The result of these talks was the Gandhi-Irwin Pact. They had eight meetings that lasted a total of 24 hours. Gandhiji was impressed by Irwin`s sincerity and agreed on behalf of the Indian National Congress to stop the civil disobedience movement. The Congress agreed to participate in the second round table to create constitutional reforms. Some of the other conditions were that the British would withdraw all orders restricting the activities of the Indian National Congress. They also agreed to withdraw proceedings related to several crimes, with the exception of those involving violence and the release of prisoners arrested for their participation in the civil disobedience movement. It was also agreed that the British would abolish the salt tax, which allowed Indians to produce, trade and sell salt legally and for their own use. Gandhi`s motives for making a pact with Lord Irwin, the viceroy, are better understood in terms of technique. Satyagraha movements have been commonly described as « struggles, » « rebellions, » and « wars without violence. » However, due to the common connotation of these words, they seemed to place a disproportionate emphasis on the negative aspect of the movements, namely opposition and conflict. Satyagraha`s goal, however, was not to achieve the physical elimination or moral collapse of an adversary – but to initiate a psychological process through the suffering of his hands that could allow the mind and heart to meet.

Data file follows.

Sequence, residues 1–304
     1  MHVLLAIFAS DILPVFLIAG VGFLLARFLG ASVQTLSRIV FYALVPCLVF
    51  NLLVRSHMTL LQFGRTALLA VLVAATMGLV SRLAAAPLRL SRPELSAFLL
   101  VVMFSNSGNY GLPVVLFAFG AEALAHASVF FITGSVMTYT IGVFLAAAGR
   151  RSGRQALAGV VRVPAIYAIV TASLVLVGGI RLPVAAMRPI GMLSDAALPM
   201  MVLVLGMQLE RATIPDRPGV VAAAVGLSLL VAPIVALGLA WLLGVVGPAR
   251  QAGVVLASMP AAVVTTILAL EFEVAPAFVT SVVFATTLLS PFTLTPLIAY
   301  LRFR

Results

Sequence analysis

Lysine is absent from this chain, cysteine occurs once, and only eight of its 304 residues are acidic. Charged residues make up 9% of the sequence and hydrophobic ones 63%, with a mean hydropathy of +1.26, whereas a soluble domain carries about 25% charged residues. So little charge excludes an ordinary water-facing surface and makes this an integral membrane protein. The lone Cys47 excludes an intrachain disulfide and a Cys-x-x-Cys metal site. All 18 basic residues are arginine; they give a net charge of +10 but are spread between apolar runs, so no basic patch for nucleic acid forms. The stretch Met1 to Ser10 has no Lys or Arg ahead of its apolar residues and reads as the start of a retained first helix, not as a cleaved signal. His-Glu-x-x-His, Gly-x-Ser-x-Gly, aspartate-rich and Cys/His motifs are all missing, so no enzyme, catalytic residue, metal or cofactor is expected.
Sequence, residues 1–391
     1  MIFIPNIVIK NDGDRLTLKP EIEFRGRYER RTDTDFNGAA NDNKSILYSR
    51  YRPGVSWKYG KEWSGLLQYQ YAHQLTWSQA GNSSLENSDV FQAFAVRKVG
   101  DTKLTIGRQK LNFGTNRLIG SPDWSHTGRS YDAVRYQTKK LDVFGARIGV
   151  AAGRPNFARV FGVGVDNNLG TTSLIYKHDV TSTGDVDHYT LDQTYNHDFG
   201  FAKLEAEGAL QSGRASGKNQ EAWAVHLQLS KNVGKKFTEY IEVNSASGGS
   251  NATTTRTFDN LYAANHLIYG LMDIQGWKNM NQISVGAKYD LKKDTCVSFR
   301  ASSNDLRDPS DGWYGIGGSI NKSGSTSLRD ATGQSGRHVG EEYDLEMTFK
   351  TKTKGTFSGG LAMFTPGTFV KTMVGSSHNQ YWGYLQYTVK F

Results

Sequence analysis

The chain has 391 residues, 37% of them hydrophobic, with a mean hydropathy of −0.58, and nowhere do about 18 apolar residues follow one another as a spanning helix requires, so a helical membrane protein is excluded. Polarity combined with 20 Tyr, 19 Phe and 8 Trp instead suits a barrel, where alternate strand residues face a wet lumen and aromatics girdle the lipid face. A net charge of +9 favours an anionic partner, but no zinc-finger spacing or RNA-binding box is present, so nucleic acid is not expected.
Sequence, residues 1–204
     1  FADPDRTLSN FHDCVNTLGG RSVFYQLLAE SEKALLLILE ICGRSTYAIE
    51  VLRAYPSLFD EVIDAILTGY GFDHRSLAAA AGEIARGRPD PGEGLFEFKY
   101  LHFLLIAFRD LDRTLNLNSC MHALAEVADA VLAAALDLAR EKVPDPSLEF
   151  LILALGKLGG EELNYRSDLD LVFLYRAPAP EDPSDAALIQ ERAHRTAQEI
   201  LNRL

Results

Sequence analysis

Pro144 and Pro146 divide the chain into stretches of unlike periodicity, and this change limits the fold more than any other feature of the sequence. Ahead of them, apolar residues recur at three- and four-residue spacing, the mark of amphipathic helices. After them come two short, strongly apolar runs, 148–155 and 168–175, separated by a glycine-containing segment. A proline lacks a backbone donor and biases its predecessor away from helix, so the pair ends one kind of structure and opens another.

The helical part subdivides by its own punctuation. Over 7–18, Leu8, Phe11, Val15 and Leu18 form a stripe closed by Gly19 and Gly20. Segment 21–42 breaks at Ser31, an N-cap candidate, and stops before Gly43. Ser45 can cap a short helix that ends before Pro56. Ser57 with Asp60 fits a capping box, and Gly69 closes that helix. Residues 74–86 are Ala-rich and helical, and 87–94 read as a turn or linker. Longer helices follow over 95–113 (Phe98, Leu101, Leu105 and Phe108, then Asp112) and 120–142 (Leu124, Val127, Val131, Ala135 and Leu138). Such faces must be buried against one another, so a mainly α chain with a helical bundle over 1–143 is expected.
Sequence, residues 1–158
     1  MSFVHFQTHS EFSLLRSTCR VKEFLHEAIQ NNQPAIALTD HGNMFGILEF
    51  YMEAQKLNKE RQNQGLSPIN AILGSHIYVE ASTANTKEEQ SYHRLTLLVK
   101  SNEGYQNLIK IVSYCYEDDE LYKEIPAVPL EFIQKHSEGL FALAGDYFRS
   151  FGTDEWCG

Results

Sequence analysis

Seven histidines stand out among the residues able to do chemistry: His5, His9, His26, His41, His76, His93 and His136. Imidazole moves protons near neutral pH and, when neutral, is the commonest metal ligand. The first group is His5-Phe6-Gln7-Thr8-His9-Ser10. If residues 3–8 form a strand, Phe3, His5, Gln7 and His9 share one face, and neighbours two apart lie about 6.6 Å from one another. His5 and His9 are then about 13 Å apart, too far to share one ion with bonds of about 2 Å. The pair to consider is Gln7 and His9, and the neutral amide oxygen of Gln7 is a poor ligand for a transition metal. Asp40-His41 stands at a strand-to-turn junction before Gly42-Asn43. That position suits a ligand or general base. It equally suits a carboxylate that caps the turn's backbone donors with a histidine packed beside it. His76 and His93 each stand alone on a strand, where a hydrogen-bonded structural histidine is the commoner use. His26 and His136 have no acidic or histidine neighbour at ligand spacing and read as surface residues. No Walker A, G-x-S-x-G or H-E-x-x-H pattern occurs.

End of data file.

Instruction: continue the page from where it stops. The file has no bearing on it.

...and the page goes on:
In such a struggle, a compromise with an adversary was neither heresy nor betrayal, but a natural and necessary step. If it turned out that the compromise was premature and the adversary had no remorse, nothing prevented the Satyagrahi from returning to a non-violent struggle. The Gandhi-Irwin Pact was signed on March 5, 1931 between Mahatma Gandhi and Lord Irwin, then Viceroy of India. Gandhiji was authorized by then-Congress President Sardar Vallabh Bhai Patel to negotiate with Lord Irwin. Gandhiji said he would attend the conference in the true spirit of a Satyagrahi. He advised the nation to wait, observe, pray and hope for a better prospect for India. He was full of admiration for the people, their heroic struggle and their harsh suffering. Although many were unhappy that Gandhiji stopped his movement, especially when the people were in a good mood, he had a different perspective. .